Do you remember how excited we were in June when a revolutionary set of maps depicting where marine mammals, fish, and birds are distributed in New England was released? Well, let’s just say, we were pretty excited. You can only imagine our excitement when the Mid-Atlantic released a similar set of maps this month, characterizing the spatial and temporal distributions for over 100 species in the region. This is a big deal.
The National Marine Fisheries Service (NMFS) just took a huge step in preparing our ocean, fisheries and coastal communities for climate change. This type of foresight and required coordination is difficult, and hasn’t happened as often as it should in the past. The Western Regional Action Plan (WRAP) lays out why and how NFMS will develop, use, and apply science that helps West Coast fishery managers prepare for climate change.
Ocean Conservancy Map of important ecological areas near the recent rig explosion in the Gulf of Mexico
Less than 24 hours after the US Government announced historic criminal fines for BP’s activities leading up to and following the BP oil disaster, an explosion on a production platform about 25 miles south of Grand Isle, LA left several workers injured, one man dead and another missing. The owner of the rig, Black Elk Energy, announced today that they were calling off the search for the missing worker.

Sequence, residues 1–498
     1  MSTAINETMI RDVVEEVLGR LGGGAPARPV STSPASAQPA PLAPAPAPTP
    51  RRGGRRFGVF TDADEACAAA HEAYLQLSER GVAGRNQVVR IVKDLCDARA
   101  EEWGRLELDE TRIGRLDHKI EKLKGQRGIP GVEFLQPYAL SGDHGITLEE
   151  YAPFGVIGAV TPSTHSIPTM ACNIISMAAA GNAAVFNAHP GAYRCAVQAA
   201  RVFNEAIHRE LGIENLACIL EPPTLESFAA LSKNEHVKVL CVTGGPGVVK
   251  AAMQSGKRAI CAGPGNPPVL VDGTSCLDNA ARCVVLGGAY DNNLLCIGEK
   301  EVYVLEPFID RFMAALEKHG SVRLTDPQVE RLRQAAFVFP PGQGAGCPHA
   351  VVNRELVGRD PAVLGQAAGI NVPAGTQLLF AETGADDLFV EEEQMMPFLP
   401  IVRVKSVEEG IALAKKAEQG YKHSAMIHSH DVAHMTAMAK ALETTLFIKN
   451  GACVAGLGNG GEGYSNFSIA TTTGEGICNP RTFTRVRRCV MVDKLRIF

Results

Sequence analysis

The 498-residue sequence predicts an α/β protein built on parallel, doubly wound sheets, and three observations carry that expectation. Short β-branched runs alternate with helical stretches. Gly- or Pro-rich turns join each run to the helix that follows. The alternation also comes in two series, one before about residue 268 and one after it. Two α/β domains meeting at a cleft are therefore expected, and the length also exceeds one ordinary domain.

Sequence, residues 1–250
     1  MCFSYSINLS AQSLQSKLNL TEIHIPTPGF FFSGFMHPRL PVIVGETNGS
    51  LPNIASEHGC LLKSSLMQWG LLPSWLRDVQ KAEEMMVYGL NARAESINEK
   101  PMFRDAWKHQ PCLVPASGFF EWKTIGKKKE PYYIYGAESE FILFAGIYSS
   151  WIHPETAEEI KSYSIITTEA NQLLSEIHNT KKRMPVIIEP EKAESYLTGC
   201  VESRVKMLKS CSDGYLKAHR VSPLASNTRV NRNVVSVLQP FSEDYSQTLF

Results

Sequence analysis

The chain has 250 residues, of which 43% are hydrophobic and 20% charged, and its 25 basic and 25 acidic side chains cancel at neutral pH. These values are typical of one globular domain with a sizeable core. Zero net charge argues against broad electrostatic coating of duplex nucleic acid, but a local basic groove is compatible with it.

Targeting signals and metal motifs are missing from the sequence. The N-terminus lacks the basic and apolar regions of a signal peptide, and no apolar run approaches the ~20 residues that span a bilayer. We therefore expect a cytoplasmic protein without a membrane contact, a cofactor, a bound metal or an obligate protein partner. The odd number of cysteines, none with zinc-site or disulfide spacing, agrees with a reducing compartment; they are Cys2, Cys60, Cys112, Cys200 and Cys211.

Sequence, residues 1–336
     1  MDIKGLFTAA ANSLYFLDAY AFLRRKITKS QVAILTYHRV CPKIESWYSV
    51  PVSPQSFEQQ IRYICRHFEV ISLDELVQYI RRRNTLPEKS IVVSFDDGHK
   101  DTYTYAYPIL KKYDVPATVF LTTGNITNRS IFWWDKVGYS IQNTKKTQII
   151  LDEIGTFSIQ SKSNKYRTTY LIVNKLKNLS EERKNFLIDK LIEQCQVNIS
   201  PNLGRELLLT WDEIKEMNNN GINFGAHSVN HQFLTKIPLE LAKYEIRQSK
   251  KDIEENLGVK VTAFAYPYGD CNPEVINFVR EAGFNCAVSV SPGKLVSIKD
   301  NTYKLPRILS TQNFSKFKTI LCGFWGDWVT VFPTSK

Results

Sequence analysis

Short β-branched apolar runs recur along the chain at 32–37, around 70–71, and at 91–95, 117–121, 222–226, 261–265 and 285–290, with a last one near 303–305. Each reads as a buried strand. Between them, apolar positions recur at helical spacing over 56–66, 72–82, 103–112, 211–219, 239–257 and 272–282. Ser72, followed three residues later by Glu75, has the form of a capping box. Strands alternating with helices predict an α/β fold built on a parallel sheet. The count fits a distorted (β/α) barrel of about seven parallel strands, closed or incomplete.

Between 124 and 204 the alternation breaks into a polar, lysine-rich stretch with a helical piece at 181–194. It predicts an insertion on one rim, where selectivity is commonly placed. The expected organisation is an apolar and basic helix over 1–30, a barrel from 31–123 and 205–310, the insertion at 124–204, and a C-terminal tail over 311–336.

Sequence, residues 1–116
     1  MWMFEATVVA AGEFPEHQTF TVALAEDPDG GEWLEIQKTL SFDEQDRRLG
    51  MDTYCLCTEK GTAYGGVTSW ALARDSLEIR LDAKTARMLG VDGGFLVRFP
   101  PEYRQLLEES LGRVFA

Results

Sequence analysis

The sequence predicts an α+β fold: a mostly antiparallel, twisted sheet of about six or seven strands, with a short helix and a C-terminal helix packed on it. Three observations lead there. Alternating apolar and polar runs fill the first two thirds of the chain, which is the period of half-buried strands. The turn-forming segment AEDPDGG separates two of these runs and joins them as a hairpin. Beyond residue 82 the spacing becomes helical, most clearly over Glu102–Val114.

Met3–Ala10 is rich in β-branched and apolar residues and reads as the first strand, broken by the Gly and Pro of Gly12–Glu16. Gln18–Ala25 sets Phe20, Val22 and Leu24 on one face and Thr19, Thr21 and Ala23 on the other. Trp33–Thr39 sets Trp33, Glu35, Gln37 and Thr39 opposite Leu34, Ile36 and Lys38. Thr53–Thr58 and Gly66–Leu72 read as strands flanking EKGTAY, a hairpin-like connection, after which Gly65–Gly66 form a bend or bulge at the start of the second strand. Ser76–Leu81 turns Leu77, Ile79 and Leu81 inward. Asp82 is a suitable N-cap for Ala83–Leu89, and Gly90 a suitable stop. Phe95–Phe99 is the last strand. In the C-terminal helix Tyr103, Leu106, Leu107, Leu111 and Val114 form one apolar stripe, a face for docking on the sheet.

This tragic event is a somber reminder that accidents can and do happen despite our best efforts to prevent them. Whether in the Gulf of Mexico or the Chukchi Sea (off Alaska’s Arctic coast), fossil fuel extraction carries risks to the workers as well as to sensitive environmental resources.
When an event like the explosion on the Black Elk rig occurs, it is natural and appropriate to focus first on the well-being of those involved in a tragedy and then on the recovery and restoration of our natural resources, but it is critical to remember that we must also ensure that we are better prepared for the accidents and disasters that will inevitably occur.